— I’ll start with the geography of the regions we operate in. This has already been clearly delineated, and we don’t plan to change anything here. Added to which, we still have major projects abroad, in the Middle East and the Balkans. In Russia, we’re deliberately consolidating our position in key target areas — the Khanty Mansiysk Autonomous Okrug, the Yamalo-Nenets Autonomous Okrug, and the Orenburg Oblast.

If we’re talking about project structure, in geological prospecting this breaks down to pure exploration, and projects in active development. Gazprom Neft intends to focus on the former, strengthening the exploratory component, specifically — we’re currently in the process of investigating more than 10 such options. That’s our overriding objective, which also takes into account the company entering new areas for exploration.

We bear all potential methods of acquiring new exploratory blocks in mind — auctions, licensing rounds, potential partnerships, acquisitions, and so on.

New scientific and technical capacity has been developed within Gazprom Neft in recent years, meaning new prospecting assets can be discovered more quickly. This gives us a genuine competitive advantage, through which we hope, over the next few years, to expand our portfolio, and increase the value of our reserves.

We will continue working with existing resources throughout 2018. The methodological basis for the further investigation of existing reserves now stands at a very high level. The technological element, software, greater employee skills and competencies — all of this has, collectively, led to a situation in which our portfolio of opportunities for organic growth has increased not just by a few percent, but several-fold. Speaking of which, in 2014 we had 20, maybe a maximum of 30, geological prospecting options: today that number is certainly in excess of 100. Which gives rise to healthy competition as to the best options to finance, as well as giving us the opportunity of choosing the best sites for investment.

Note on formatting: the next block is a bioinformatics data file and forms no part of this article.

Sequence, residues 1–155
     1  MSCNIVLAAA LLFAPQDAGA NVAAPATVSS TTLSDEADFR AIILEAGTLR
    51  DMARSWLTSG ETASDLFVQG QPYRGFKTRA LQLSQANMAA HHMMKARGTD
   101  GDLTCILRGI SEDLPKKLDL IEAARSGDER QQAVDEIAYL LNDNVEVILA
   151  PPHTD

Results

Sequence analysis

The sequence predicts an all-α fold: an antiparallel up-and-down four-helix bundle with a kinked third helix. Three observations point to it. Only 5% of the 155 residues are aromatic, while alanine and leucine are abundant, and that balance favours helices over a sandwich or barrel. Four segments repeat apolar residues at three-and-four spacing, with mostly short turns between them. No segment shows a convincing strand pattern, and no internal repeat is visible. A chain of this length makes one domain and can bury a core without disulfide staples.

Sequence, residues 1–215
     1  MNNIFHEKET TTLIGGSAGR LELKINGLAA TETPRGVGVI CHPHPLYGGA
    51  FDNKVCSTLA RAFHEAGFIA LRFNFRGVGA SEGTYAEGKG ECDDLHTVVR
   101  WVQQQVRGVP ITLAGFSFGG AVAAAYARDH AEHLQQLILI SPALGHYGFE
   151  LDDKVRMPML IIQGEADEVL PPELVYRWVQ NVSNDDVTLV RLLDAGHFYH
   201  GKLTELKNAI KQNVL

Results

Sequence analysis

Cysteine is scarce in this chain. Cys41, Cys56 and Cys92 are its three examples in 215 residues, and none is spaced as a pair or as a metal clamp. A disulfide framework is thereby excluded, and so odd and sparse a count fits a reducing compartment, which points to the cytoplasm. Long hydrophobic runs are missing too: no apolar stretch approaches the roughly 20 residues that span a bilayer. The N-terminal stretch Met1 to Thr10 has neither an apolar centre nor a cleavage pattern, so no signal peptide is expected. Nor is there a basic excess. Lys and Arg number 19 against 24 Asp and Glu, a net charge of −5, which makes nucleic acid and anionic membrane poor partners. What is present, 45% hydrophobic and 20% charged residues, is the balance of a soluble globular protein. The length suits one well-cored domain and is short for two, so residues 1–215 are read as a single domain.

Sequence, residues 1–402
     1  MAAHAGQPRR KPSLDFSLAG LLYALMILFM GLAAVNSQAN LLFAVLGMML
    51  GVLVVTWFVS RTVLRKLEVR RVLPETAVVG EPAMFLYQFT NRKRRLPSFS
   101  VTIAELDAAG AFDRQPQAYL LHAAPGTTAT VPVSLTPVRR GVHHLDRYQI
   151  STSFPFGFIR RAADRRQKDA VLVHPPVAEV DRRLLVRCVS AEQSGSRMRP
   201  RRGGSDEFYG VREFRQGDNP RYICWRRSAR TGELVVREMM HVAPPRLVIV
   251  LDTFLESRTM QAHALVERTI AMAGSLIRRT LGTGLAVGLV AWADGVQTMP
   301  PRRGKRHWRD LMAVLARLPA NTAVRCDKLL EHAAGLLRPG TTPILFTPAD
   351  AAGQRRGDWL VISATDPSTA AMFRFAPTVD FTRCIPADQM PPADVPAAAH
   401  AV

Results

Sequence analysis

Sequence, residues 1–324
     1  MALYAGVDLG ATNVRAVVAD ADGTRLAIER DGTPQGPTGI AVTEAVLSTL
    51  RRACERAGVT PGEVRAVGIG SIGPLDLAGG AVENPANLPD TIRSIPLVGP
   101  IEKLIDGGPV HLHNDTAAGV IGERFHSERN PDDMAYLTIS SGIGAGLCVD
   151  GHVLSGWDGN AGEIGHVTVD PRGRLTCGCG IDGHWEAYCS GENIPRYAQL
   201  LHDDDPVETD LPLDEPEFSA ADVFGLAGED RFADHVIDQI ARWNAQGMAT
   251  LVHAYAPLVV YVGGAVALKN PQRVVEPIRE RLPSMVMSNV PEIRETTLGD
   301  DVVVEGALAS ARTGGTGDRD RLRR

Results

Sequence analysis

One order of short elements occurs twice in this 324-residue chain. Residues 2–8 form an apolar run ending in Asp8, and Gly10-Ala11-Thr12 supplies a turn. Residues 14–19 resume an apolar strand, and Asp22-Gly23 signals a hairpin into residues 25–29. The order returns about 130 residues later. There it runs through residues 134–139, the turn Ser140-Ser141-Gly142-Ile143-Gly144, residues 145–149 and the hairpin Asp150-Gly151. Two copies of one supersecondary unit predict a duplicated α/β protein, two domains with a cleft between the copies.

— Major projects now mean the company is showing good production growth. So will Gazprom Neft geologists be able to create a level of reserves that will allow this high rate of production growth to be maintained after 2020 — 2025?

— At the moment we are prepared to state that the company has created an adequate resource base, and that this will remain in balance for the next five years. In other words, even if Gazprom Neft doesn’t have any major discoveries over the next few years, in the absence of any external constraints, the company has the opportunity of achieving the strategic level of 100 mtoe by 2020.

But geological prospecting also includes long-term projects, not just for five or six years ahead, but for 10 to 15. And that’s objective we’re currently working towards — developing scenarios as to how Gazprom Neft can ensure stable production at a level of 100 mtoe or higher beyond 2030.

— And what growth areas do you see in that long-term perspective?

— That depends on a number of factors. The key one of which, perhaps, is how fast and effectively we can bring unconventional reserves into development, and also how fast we can implement plans to develop our offshore projects. That means — enormous resources, which we’re depending on, in the future.

— Gazprom Neft is the initiator behind the “Bazhen ” initiative in the Khanty Mansiysk Autonomous Okrug, which has been awarded the status of a national project. Have potential partners taken any decisions on this? Is anyone — apart from yourselves — willing to invest in this project?

— First of all, we work very closely with the government of the Khanty Mansiysk Autonomous Okrug here. The region has adopted legislation on property tax concessions within the framework of implementing the national Bazhen project. Secondly, Gazprom Neft has embarked on establishing a legal entity to which the licence for the Palyanovsky licence block — the technological test site for the Bazhen project — will be transferred. And thirdly — collaboration with potential partners is really starting to take shape. We are, already, expecting to enter into approximately 20 technological partnerships by the end of 2018.